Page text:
A voting conflict of interest would be created under Section 112.3143(3)(a), Florida Statutes, were a city council member to vote on measures concerning expansion of a medical center owned by a corporation that is owned by another corporation which owns yet another corporation which owns still another corporation which employs the member. Expansion of the medical center would inure to the special private gain or loss of the corporation which owns the medical center and to the special private gain or loss of its parent organization, which also is the parent organization of a corporate principal (employer) by whom the member is retained (employed).
Is a corporation which wholly owns a corporation which wholly owns another corporation which employs a city council member a "parent organization of a corporate principal" by whom the member is retained for purposes of Section 112.3143(3)(a), Florida Statutes, thus requiring the member's abstention from voting and other compliance with the statute regarding measures inuring to the special private gain or loss of the corporation?
Your question is answered in the affirmative.
By your letter of inquiry, we are advised that you write in behalf of Loretta Isenberg-Hand, a member of the Melbourne City Council, who is employed (in a "per diem employee" capacity) by a corporation. Further, you advise that the member's employer is wholly owned by another corporation, which in turn is wholly owned by another corporation, which wholly owns yet another corporation which owns the medical center (located in the City and proposed for expansion) at which the member is assigned by her employing corporation to work as a nurse. In addition, you advise that the member receives her compensation for her private work as a nurse from the corporation which employs her, not from the corporation which owns the medical center where she works and not from the other corporations. Further, you advise that the medical center has proposed a massive expansion of its facility, involving approval of various zoning permits, including but not limited to a conditional use permit regarding the height of new buildings and a site plan approval for the facility, much or all of which will be voted on by the City Council.
Section 112.3143(3)(a), Florida Statutes, the portion of the voting conflicts law which is applicable to elected, local public officers such as the member, provides, with emphasis supplied:
VOTING CONFLICTS.—No county, municipal, or other local public officer shall vote in an official capacity upon any measure which would inure to his or her special private gain or loss; which he or she knows would inure to the special private gain or loss of any principal by whom he or she is retained or to the parent organization or subsidiary of a corporate principal by which he or she is retained, other than an agency as defined in s. 112.312(2); or which he or she knows would inure to the special private gain or loss of a relative or business associate of the public officer. Such public officer shall, prior to the vote being taken, publicly state to the assembly the nature of the officer's interest in the matter from which he or she is abstaining from voting and, within 15 days after the vote occurs, disclose the nature of his or her interest as a public record in a memorandum filed with the person responsible for recording the minutes of the meeting, who shall incorporate the memorandum in the minutes.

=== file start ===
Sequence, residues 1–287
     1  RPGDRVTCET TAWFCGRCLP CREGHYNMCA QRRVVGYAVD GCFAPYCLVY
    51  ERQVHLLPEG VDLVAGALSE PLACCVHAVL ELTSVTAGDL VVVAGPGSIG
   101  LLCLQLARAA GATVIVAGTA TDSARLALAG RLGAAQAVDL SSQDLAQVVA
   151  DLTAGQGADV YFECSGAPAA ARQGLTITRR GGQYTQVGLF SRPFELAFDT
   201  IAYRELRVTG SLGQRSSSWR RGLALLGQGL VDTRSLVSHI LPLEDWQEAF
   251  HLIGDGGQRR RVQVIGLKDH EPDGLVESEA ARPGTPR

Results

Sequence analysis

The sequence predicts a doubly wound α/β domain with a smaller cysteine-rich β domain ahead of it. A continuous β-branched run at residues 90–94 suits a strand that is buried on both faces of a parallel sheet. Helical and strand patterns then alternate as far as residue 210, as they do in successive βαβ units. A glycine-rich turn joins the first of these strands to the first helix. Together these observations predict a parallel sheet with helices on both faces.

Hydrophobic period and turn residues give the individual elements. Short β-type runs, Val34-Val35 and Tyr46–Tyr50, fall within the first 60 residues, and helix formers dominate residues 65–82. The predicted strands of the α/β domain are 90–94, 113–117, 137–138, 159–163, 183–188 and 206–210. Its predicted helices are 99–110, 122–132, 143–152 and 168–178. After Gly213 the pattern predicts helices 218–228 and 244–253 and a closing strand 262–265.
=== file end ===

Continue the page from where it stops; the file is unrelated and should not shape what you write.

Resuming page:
Inasmuch as you have not indicated that the member personally will be affected by Council measures concerning the proposed expansion, and inasmuch as the corporation owning the to-be-expanded facility and the corporation which wholly owns it will be affected by expansion, our focus is on the highlighted language of the statute and the issue of whether the corporation which owns the corporation which owns the medical facility is the "parent organization" of the corporation which employs (retains) the member, by virtue of its ownership of another corporation which owns the corporation which employs (retains) the member.
We have not had occasion to construe "parent organization," and the term is not defined within the Code of Ethics. Further, an examination of caselaw reveals no thorough discussion of the meaning of the term, or of the related or arguably synonymous term "parent corporation," although the latter is found extensively in caselaw, in contexts apparently presupposing its meaning. Additionally, although the term and related terms are found here and there in several Florida Statutes, there does not appear to be a generally applicable statutory definition. Thus, it is useful to consult basic tools or sources, such as Black's Law Dictionary (7th ed. 1999), which, although not containing a definition of "parent organization," defines the following synonymous or related terms as follows:
parent corporation.A corporation that has a controlling interest in another corporation (called a subsidiary corporation), usu. through ownership of more than one-half the voting stock.—Often shortened to parent.—Also termed parent company.